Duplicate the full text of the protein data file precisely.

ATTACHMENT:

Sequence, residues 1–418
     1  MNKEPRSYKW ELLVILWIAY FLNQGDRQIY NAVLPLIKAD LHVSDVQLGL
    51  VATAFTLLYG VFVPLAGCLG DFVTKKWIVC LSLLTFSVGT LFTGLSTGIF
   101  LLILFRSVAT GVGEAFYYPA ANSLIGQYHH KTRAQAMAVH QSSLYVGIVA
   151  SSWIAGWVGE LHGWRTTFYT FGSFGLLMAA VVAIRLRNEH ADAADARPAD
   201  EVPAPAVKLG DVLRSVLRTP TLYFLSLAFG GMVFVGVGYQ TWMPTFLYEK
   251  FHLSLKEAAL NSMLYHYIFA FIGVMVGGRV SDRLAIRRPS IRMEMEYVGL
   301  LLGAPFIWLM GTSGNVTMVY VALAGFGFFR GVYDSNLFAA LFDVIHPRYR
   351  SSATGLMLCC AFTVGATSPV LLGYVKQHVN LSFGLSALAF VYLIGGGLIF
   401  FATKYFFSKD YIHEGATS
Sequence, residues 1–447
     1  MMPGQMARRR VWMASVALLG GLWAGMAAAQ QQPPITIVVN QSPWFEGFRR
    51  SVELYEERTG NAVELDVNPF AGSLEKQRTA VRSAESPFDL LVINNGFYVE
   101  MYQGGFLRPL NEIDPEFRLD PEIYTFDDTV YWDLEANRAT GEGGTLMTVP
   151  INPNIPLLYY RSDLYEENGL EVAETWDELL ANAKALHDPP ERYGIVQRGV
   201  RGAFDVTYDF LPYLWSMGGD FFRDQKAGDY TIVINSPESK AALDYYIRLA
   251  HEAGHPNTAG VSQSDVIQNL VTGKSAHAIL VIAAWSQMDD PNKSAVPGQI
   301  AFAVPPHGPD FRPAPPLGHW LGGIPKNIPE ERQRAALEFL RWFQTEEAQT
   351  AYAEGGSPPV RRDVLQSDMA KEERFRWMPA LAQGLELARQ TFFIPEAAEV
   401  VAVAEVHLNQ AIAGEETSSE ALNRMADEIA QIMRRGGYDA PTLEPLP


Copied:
Sequence, residues 1–418
     1  MNKEPRSYKW ELLVILWIAY FLNQGDRQIY NAVLPLIKAD LHVSDVQLGL
    51  VATAFTLLYG VFVPLAGCLG DFVTKKWIVC LSLLTFSVGT LFTGLSTGIF
   101  LLILFRSVAT GVGEAFYYPA ANSLIGQYHH KTRAQAMAVH QSSLYVGIVA
   151  SSWIAGWVGE LHGWRTTFYT FGSFGLLMAA VVAIRLRNEH ADAADARPAD
   201  EVPAPAVKLG DVLRSVLRTP TLYFLSLAFG GMVFVGVGYQ TWMPTFLYEK
   251  FHLSLKEAAL NSMLYHYIFA FIGVMVGGRV SDRLAIRRPS IRMEMEYVGL
   301  LLGAPFIWLM GTSGNVTMVY VALAGFGFFR GVYDSNLFAA LFDVIHPRYR
   351  SSATGLMLCC AFTVGATSPV LLGYVKQHVN LSFGLSALAF VYLIGGGLIF
   401  FATKYFFSKD YIHEGATS
Sequence, residues 1–447
     1  MMPGQMARRR VWMASVALLG GLWAGMAAAQ QQPPITIVVN QSPWFEGFRR
    51  SVELYEERTG NAVELDVNPF AGSLEKQRTA VRSAESPFDL LVINNGFYVE
   101  MYQGGFLRPL NEIDPEFRLD PEIYTFDDTV YWDLEANRAT GEGGTLMTVP
   151  INPNIPLLYY RSDLYEENGL EVAETWDELL ANAKALHDPP ERYGIVQRGV
   201  RGAFDVTYDF LPYLWSMGGD FFRDQKAGDY TIVINSPESK AALDYYIRLA
   251  HEAGHPNTAG VSQSDVIQNL VTGKSAHAIL VIAAWSQMDD PNKSAVPGQI
   301  AFAVPPHGPD FRPAPPLGHW LGGIPKNIPE ERQRAALEFL RWFQTEEAQT
   351  AYAEGGSPPV RRDVLQSDMA KEERFRWMPA LAQGLELARQ TFFIPEAAEV
   401  VAVAEVHLNQ AIAGEETSSE ALNRMADEIA QIMRRGGYDA PTLEPLP